Both of these lists were right in my wheelhouse. Counters, removal, card draw, and the one-two planeswalker punch of Jace + Tamiyo. Initially I wasn’t completely sold on Sorin, but I resolved to give it a shot in an Esper control build. With the above two lists as reference points, I came up with the following:

Azorius Basterds

2 Snapcaster Mage
2 Creatures

4 Azorius Charm
2 Syncopate
2 Dissipate
2 Ultimate Price
2 Forbidden Alchemy
2 Sphinx’s Revelation
14 Instants

4 Lingering Souls
3 Supreme Verdict
1 Terminus
8 Sorceries

2 Detention Sphere
2 Enchantments

4 Jace, Architect of Thought
2 Sorin, Lord of Innistrad
2 Tamiyo, the Moon Sage
8 Planeswalkers

3 Island
3 Plains
1 Swamp

4 Glacial Fortress
4 Drowned Catacomb
4 Isolated Chapel
4 Hallowed Fountain

2 Nephalia Drownyard
1 Vault of the Archangel
26 Lands

These lists are obviously very similar to each other; more than living in the same neighborhood, I think they share a three-bedroom apartment. I like a lot of Shaheen’s numbers, but I don’t really want to play with Runechanter’s Pike. It’s too much of a threat and not enough of an answer. I like my cards to either be able to get me out of a bad situation (spot removal, counterspells, sweepers, card draw) or ideally double as both threat and answer (Lingering Souls, planeswalkers). It’s just a one-of in Shaheen’s deck, and I certainly can’t fault him for playing it—he did win VA States, after all—but equipment is not where I want to be. I also decided to cut the Augurs, which I don’t feel are as good with so few zombies around to scare off (not to mention how demoralizing it is to whiff, even if it’s rare).

Hetrick’s list leans just a touch too heavy on the miracle plan for me, with 4 Terminus and zero maindeck Supreme Verdict. I prefer Shaheen’s split of 3 Verdict, 1 Terminus. Again, it’s a Power vs Consistency thing, with Terminus being more powerful and Verdict being more consistent. Since I’m only playing one copy of Terminus main, Forbidden Alchemy gets the nod over Think Twice. [Note: Hitting a miracle with Forbidden Alchemy does not trigger miracle, as you are not “drawing” the card, you’re putting it into your hand.]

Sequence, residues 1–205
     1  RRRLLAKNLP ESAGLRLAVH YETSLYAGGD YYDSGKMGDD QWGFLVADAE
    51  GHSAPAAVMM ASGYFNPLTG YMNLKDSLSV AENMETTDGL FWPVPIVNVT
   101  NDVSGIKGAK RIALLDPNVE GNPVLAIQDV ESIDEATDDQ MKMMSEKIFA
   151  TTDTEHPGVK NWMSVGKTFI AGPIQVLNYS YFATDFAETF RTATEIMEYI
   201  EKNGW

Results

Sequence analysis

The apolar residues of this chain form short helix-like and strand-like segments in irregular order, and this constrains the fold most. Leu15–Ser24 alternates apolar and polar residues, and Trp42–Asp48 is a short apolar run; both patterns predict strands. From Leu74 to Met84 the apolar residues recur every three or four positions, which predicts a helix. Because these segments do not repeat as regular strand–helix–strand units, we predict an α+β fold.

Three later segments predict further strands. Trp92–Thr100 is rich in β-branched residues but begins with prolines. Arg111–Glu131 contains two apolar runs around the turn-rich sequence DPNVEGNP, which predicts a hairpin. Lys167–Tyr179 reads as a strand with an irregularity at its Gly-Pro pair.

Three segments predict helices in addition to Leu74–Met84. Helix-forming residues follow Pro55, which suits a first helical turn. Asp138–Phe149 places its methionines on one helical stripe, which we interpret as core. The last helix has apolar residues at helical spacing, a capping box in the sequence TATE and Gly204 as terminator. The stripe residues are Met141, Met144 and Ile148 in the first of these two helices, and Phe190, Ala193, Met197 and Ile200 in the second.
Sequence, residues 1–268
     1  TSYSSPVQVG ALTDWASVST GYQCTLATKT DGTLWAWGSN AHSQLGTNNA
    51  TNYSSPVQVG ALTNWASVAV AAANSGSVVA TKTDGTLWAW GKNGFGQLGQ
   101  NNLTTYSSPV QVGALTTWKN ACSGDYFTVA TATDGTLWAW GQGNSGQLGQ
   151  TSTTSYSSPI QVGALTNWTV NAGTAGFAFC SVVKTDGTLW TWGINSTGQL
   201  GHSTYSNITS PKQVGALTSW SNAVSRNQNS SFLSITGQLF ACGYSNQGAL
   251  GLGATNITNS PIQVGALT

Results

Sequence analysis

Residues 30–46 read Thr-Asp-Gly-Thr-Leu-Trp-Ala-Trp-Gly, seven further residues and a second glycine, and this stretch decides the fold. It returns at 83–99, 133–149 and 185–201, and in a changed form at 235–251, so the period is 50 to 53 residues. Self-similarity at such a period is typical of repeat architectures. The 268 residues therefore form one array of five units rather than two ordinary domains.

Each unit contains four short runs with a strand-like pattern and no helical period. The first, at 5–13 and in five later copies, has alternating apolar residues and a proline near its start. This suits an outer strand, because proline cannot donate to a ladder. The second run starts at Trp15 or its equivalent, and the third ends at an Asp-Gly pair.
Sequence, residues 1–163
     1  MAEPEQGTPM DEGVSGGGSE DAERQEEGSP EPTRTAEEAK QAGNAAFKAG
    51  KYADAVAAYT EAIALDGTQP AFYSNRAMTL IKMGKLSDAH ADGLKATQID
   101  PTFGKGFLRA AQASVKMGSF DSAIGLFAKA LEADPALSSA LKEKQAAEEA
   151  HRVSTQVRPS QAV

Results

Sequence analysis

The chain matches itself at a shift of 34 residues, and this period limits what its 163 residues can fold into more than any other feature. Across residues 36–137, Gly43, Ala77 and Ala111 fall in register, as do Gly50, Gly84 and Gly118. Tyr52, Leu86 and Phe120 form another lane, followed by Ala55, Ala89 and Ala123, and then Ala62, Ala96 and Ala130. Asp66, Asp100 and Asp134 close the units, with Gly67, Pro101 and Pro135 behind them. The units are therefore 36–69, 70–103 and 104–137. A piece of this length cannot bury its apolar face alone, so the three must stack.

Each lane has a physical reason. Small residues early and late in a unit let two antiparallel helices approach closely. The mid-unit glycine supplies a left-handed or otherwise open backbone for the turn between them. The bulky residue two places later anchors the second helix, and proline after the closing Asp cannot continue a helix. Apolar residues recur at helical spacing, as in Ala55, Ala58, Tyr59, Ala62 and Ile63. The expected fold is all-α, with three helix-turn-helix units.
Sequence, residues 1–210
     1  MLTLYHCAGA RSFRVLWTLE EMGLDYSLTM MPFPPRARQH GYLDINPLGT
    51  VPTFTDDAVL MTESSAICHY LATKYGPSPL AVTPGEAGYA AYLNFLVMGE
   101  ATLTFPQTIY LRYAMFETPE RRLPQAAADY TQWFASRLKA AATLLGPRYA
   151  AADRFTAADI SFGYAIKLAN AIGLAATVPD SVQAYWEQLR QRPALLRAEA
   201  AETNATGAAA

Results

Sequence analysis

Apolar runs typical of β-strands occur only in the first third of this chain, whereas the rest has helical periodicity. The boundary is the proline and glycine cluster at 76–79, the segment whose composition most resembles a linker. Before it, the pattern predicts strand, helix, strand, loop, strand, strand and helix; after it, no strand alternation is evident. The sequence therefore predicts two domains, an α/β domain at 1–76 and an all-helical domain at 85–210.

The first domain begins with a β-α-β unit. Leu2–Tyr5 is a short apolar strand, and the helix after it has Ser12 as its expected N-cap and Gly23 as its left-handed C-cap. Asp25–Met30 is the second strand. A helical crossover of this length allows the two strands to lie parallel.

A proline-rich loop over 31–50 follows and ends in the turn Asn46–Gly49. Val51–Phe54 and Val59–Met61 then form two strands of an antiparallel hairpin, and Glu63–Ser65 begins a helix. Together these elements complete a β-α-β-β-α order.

Despite my initial reservations, Sorin has really been pulling his weight. The comparisons to Elspeth, Knight-Errant are inevitable, yet fairly warranted in the context of this deck. In most cases I find myself making a Soldier Vampire token to defend myself and my planeswalkers, and in this way Sorin is better than Elspeth (lifelink!). Sorin also threatens to go ultimate a turn faster. While his second ability is clearly weaker in the sense that it costs loyalty rather than adding it, the actual effect in concert with Lingering Souls can act as a pseudo-Overrun of sorts. If you’re not under a ton of pressure, it’s often correct to hold Sorin until you’re able to play Lingering Souls and flash it back in the same turn; then play Sorin on the subsequent turn, make an emblem, and crash in for 8.

Azorius Charm is another card that has surprised me somewhat. When the Return to Ravnica Charm cycle was initially spoiled, most put this one somewhere in the middle in terms of playability; however, just the “Condemnory Lapse” mode (as I like to call it) makes the card worth playing. That you can “cycle” it is just icing, and the third option is like remembering to grab a napkin. I always forget to grab napkins, but often find myself in situations where I wish I had one handy.